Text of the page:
Foreign Relations

With the emergence of the global economy, foreign corporations increasingly have been either acquiring U.S. companies or establishing U.S. subsidiaries. As a result, many in-house counsel are now working for subsidiaries of a foreign-controlled corporation, and they face unique challenges. By taking some basic steps to confront these challenges, the experience of working for a U.S. subsidiary can become a rewarding one for both the client and the in-house attorney. Here are three ways to start building a productive relationship:

Emphasize the benefits of attorney-client privilege.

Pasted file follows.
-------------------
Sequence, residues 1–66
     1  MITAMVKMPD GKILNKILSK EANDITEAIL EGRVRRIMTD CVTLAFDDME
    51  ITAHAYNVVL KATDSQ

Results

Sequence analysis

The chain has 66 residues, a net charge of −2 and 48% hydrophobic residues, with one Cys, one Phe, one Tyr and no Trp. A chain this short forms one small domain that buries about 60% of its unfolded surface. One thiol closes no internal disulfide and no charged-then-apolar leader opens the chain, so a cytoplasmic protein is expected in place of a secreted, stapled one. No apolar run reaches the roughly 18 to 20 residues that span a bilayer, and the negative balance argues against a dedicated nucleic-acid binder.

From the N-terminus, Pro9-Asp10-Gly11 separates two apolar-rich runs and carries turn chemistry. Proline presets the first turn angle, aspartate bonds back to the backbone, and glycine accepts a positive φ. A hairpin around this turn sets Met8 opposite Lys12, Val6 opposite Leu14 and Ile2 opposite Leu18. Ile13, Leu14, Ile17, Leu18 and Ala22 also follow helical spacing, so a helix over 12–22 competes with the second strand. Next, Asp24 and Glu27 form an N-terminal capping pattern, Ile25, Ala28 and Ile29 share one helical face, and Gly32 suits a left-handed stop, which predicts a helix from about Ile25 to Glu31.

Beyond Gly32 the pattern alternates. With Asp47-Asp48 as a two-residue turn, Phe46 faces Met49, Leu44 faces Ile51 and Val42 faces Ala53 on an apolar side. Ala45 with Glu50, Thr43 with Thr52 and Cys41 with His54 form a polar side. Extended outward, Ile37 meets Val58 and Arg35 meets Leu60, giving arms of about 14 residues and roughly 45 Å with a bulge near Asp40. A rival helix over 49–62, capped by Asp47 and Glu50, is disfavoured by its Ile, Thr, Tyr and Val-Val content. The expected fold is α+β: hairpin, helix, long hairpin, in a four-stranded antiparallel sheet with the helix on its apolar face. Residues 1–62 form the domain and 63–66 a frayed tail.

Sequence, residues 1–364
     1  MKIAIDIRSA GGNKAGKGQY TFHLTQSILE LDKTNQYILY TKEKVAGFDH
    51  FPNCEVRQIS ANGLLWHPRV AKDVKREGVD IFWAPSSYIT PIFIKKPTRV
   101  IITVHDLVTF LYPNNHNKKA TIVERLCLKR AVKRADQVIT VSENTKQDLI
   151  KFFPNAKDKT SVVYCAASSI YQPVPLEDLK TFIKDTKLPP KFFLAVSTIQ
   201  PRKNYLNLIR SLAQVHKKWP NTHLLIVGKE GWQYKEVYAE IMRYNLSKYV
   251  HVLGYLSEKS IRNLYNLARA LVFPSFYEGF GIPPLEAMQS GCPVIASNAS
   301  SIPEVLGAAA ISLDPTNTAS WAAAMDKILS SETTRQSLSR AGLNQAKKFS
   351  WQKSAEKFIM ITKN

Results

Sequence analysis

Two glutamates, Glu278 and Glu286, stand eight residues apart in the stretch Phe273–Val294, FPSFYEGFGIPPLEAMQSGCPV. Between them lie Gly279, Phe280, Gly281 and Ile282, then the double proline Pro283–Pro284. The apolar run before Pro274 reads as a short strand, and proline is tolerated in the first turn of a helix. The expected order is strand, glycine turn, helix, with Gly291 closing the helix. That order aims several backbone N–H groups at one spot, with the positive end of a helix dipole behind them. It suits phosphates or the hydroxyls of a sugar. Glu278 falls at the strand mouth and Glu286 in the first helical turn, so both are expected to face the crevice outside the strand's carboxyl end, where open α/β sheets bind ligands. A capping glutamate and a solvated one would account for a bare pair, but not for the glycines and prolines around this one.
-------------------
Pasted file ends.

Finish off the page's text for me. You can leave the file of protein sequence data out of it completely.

Instruct expatriate executives on the U.S. legal system.

Most business people struggle to understand the U.S. legal system and its impact on their business. This is especially so for the foreign expatriate in charge of the U.S. operations. You should devote sufficient time to educating your expatriate executives about how U.S. laws and regulations affect the conduct of their particular business. You should also instruct them on the U.S. litigation process and the open discovery rules. This will help your clients to anticipate issues and seek out your advice prior to making business decisions.

Keep in mind that this is a continuous process--not just one that you engage in when an expatriate executive first joins your company. The education process should be casual in nature; this will encourage dialogue with the executive. Once again, this will permit in-house counsel to focus on preventative counseling, rather than dealing with legal issues after they become contentious.

Thomas Lalla

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